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'Citizens Against Corruption: Report from the Front Line'

Johanna Martinsson's picture

Prepared by Partnership for Transparency Fund

Citizens Against Corruption: Report From The Front Line tells the story of how groups of courageous and dedicated citizens across the globe are taking direct action to root out corruption. Based on extensive practical experience through the work over more than a decade supported by The Partnership for Transparency Fund (PTF), this book shows how ordinary people are no longer prepared to accept the predatory activities of dishonest officials and are successfully challenging their scams.

Author Landell-Mills, co-founder and first president of PTF, states: “This book draws on over 200 case studies that describe impressive initiatives undertaken over the past decade by 130 civil society organizations (CSOs) in 53 countries which engage directly with public agencies to stop the bribery and extortion that damages peoples’ lives and obstructs social and economic progress.”

He adds, “This book challenges the notion that, at best, civil society can only have a marginal impact on reducing corruption. Quite the opposite; it argues that CSOs have demonstrated again and again that their impact can be game-changing.”

Examples from some of the poorest countries in the world show how a single CSO initiative can save several million dollars. Several million such initiatives can transform the way government does business, making public agencies accountable to those they serve.  The message is clear: aid donors need to radically rethink their assistance for governance reform, tilting it dramatically in favour of supporting CSOs.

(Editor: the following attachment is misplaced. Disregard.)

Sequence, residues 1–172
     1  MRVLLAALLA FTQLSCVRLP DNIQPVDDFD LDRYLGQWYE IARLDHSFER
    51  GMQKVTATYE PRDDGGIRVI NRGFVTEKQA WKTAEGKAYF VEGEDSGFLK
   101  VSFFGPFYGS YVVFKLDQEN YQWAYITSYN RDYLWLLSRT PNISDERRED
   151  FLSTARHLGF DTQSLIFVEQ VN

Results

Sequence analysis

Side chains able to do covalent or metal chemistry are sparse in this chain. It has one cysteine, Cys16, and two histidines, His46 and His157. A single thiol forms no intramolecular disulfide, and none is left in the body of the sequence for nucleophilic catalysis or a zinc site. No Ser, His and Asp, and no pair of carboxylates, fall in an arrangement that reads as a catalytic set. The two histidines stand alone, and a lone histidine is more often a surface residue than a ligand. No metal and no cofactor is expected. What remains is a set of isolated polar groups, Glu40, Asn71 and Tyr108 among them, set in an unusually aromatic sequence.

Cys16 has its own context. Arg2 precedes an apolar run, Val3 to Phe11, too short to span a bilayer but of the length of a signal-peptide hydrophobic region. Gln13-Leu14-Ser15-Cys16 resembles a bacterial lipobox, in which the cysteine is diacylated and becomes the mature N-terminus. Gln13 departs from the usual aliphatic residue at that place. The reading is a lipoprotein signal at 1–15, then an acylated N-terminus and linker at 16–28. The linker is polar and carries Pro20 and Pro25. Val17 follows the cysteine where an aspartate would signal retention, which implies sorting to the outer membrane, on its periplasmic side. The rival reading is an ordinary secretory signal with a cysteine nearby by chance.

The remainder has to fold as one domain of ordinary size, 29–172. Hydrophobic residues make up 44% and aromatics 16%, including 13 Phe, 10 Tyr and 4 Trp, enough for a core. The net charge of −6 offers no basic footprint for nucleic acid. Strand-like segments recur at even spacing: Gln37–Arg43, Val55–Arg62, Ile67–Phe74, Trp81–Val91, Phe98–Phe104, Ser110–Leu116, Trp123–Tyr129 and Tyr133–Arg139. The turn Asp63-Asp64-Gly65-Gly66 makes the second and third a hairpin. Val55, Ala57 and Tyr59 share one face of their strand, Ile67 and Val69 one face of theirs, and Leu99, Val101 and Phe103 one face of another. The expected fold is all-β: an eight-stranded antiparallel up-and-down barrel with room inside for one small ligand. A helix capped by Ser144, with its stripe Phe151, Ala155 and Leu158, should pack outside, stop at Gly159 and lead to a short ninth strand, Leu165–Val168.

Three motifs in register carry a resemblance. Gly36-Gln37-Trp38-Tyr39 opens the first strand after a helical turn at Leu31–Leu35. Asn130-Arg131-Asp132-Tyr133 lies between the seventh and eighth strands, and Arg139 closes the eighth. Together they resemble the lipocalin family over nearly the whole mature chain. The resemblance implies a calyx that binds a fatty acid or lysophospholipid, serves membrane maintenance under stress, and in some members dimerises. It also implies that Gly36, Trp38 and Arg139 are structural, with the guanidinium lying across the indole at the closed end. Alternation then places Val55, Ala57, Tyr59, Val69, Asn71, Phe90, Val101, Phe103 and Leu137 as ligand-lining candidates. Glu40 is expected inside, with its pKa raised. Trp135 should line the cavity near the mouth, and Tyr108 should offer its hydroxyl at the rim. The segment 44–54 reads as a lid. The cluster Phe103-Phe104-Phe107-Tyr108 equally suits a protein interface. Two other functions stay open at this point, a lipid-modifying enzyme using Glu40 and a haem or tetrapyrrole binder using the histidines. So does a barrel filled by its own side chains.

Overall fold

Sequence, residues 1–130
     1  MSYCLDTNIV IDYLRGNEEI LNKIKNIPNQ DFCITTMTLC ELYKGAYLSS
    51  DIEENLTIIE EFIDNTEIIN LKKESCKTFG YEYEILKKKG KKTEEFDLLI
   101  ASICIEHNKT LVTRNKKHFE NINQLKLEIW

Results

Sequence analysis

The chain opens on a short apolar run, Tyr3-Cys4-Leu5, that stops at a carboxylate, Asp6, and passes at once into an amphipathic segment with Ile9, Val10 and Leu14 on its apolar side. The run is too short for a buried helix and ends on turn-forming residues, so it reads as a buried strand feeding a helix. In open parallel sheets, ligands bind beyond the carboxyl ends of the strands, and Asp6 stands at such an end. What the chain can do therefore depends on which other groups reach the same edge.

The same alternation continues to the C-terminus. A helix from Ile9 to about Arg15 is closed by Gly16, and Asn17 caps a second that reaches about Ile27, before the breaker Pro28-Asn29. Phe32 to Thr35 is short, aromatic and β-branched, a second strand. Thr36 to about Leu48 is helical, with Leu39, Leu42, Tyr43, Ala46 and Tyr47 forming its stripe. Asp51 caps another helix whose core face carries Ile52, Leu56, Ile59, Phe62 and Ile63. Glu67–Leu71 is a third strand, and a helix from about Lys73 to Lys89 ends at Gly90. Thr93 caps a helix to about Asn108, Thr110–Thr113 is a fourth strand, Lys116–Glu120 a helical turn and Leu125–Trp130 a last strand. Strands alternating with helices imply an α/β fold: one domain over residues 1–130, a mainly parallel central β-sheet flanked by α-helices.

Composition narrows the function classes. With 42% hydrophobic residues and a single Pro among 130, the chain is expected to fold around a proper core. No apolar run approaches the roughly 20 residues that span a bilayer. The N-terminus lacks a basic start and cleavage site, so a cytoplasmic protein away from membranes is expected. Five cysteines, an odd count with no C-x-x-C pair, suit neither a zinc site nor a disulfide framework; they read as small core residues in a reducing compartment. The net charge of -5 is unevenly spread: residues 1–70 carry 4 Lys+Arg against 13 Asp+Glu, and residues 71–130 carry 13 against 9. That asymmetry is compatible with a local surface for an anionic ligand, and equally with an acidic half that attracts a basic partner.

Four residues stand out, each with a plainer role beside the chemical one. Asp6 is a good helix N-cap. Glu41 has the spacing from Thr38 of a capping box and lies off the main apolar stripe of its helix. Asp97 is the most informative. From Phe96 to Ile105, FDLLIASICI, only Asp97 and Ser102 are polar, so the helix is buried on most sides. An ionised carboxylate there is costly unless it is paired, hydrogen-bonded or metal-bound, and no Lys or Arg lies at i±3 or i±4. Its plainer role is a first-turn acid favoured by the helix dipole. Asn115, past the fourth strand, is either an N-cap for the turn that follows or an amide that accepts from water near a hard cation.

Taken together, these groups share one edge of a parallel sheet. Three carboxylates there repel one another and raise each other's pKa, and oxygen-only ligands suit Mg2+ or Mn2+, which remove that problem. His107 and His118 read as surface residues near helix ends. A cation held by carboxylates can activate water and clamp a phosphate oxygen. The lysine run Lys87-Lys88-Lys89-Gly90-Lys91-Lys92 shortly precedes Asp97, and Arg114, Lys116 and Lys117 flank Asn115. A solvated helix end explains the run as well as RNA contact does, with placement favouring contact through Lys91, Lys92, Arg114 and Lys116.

The book is in four parts.

Part 1 analyses the role citizens can play in fighting corruption and promoting good governance and briefly tells the story of the Partnership for Transparency Fund (PTF). 

Part 2 presents four country studies (India, Mongolia, Philippines, and Uganda—each with its unique history and distinctive circumstances), to illustrate activities undertaken by civil society organizations (CSOs) to root out corruption. These describe the tools and approaches that CSOs are using successfully to build pressure on corrupt public agencies to become transparent and accountable.

Part 3 addresses key themes—strengthening the rule of law, putting in place effective national anti-corruption strategies and institutions, making public buying and selling honest, promoting grass roots monitoring of public expenditures and the provision of public services, mounting media campaigns to expose and defeat corruption, and empowering ordinary citizens to keep watch on what actually happens at the point of delivery of public services. 

Part 4 summarizes what has been learnt and explores the potential, as well as the risks and limitations of the civic activism in a world where greed and dishonesty is the norm—talking to power. Finally, the book explores the opportunities and dangers faced by aid donors in supporting local CSOs and charts a way forward.

About the Author
Pierre Landell-Mills is a development economist with a long standing interest in political economy and governance issues. He was the founder and first president of Partnership for Transparency Fund (2000 – 10) and was a Visiting Professor in the Department of Humanities and Social Sciences at the University of Bath (2001-2006). He worked for 10 years in Africa before joining the World Bank in 1973. He was the lead author of the 1983 World Development Report on Managing Development and the 1989 World Bank report on Sub-Sahara Africa: From Crisis to Sustainable Development.

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